One of the Walk’s most inspiring features is the Global Village – an interactive exhibit where participants of all ages will get a glimpse of the development programs supported by AKFC. Through interactive displays, images, audio and stories, visitors to the Global Village will learn the many ways in which Canada and Canadians are supporting long-term, positive change among impoverished communities in Asia and Africa and how their contributions are making a difference in the developing world.

World Partnership Walk participants can join as individual Ambassadors, teams, corporate donors or sponsors. Registration can be done online, securely and easily by visiting www.worldpartnershipwalk.com or by calling 1-800-267-2532.

25 May 2009 by editor

http://www.thelinkpaper.ca/index.php?subaction=showfull&id=1243279979&archive=&start_from=&ucat=3&cat=3
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kmaherali



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PostPosted: Fri May 29, 2009 1:59 am    Post subject: Reply with quote

Victoria News
Partnership walk tackles African poverty

Megan Hamlet is a big supporter of the Aga Khan Foundation's World Partnership Walk. Not only will she be taking part in this Sunday's event in Victoria, the Abe Books employee will travel this summer to Kenya to visit some of the foundation's community development project sites.
Don Descoteau/News staff


Buy Victoria News Photos Online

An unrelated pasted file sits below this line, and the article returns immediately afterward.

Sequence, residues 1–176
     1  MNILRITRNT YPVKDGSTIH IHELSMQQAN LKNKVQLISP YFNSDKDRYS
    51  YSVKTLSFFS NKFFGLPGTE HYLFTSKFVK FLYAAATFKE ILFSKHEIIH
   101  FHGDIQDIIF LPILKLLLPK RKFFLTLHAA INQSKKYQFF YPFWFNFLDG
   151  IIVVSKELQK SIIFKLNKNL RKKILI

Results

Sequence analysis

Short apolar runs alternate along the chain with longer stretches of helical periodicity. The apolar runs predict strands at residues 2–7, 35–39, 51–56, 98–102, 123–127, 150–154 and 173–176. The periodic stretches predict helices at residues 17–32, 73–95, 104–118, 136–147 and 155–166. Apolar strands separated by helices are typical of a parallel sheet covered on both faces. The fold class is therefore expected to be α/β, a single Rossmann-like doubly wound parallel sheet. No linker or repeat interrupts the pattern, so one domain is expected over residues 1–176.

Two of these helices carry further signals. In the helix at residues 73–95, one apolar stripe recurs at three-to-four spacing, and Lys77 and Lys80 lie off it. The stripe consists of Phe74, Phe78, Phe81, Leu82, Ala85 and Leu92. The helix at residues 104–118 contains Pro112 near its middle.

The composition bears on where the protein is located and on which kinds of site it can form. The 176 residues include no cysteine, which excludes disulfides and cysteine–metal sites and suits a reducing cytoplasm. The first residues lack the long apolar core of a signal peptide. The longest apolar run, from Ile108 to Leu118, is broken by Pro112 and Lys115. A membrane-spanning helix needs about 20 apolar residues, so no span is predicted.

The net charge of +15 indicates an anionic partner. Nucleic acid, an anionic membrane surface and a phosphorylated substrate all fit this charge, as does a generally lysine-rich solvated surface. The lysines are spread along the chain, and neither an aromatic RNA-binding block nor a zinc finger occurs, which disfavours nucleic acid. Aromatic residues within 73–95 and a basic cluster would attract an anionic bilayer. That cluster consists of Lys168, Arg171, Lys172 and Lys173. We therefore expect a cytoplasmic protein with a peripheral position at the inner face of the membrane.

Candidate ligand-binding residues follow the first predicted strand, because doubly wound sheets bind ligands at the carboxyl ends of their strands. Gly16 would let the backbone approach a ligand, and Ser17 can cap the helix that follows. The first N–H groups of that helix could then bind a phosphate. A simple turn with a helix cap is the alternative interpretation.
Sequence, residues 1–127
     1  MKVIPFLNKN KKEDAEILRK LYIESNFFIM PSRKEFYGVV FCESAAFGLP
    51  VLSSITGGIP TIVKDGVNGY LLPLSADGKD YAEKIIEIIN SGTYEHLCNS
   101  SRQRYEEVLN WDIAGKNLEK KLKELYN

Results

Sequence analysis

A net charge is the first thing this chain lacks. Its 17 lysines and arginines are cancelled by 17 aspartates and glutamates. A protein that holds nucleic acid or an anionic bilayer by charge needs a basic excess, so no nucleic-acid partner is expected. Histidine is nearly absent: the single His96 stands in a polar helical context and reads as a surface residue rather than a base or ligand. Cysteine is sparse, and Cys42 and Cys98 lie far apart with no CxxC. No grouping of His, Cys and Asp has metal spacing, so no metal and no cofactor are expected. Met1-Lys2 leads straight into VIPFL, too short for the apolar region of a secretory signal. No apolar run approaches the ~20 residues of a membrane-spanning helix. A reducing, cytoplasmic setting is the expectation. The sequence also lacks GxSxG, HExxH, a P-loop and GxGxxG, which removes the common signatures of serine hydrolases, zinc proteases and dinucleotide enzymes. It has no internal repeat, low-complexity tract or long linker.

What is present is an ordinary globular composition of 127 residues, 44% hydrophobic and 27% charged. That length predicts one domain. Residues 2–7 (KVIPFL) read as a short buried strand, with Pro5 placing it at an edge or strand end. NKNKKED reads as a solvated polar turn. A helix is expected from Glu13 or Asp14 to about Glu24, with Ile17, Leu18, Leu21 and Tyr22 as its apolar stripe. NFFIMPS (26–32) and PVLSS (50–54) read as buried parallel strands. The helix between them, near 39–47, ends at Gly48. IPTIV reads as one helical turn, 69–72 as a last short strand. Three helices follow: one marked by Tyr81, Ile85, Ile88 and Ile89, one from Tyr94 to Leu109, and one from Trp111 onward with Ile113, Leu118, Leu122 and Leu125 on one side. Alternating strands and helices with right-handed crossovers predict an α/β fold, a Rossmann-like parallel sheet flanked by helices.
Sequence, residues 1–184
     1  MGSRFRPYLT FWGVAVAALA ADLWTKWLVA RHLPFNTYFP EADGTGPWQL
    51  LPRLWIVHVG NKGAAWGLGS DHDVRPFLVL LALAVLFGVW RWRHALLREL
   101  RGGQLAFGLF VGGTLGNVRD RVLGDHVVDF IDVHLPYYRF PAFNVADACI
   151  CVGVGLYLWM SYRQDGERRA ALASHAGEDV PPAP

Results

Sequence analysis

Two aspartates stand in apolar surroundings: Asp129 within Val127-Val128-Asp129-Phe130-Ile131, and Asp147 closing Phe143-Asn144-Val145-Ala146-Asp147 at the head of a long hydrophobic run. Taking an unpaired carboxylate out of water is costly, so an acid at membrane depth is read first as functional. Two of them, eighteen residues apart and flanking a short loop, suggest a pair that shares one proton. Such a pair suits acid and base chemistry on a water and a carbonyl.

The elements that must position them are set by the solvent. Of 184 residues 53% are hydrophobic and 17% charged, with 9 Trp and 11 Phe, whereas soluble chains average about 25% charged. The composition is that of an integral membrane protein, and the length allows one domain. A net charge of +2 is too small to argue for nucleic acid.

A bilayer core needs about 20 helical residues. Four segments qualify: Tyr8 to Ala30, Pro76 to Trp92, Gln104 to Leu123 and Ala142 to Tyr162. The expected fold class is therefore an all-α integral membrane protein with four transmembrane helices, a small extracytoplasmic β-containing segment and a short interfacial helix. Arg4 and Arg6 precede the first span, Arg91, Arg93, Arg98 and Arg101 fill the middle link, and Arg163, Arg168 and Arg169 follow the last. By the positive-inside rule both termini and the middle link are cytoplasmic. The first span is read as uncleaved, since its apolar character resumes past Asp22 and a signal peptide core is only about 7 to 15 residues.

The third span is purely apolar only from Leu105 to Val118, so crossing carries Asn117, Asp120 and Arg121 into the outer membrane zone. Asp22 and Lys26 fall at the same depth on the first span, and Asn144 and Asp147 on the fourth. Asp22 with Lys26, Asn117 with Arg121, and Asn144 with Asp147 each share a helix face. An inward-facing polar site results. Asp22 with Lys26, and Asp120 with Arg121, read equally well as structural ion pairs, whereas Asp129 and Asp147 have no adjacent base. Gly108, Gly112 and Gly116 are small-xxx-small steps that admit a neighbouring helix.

By Don Descoteau - Victoria News


Published: May 28, 2009 6:00 PM


Megan Hamlet was struck by a video she watched last year of local journalist Meribeth Burton touring East Africa.

Burton and her TV crew were taping a five-part series on the Aga Khan Foundation's development work in Kenya and Zanzibar and showing where money raised in Canada is being put to work to help people desperately in need.

"Once I saw the video I knew it was something I wanted to be involved in," Hamlet said.

The foundation, which is hosting its 25th World Partnership Walk in nine Canadian cities including Victoria this Sunday (May 31), has a hand-up philosophy designed to teach people in impoverished countries how to support and sustain themselves and their families.

"It's all about empowerment and teaching new ideas and changing the cultural mindscape and being able to say how do you see your future," Hamlet said.

The 30-year-old customer service rep at Abe Books has raised more than $6,000 through various initiatives, largely at her office. Not only will she be taking part in Sunday's walk, she is travelling to Kenya in July to experience firsthand how Aga Khan Foundation workers teach sustainability.

Organizers of this weekend's walk in Victoria hope to convey to a larger audience the foundation's philosophy.

"I think people are more conscious of poverty in the world," said Naz Rayani, Victoria convenor for the Walk and an active advocate of the foundation's international development programs for more than 20 years.

That consciousness helped the local chapter raise $270,000 last year alone and they're shooting for $300,000 this time out, he said.

Registration for the walk is at 10 a.m. at the Cameron bandshell in Beacon Hill Park. The walk begins at 11 a.m. with a five-kilometre route to Clover Point or a shorter one for children and the elderly. Lunch and entertainment are provided afterward. For more information or to donate, go to www.worldpartnershipwalk.com or call 1-888-221-5571.

editor@oakbaynews.com

http://www.bclocalnews.com/vancouver_island_south/victorianews/community/46271262.html
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PostPosted: Sat May 30, 2009 4:02 am    Post subject: Reply with quote

Toronto joins World Partnership Walk to fight global poverty
Posted: 29 May 2009 05:53 AM PDT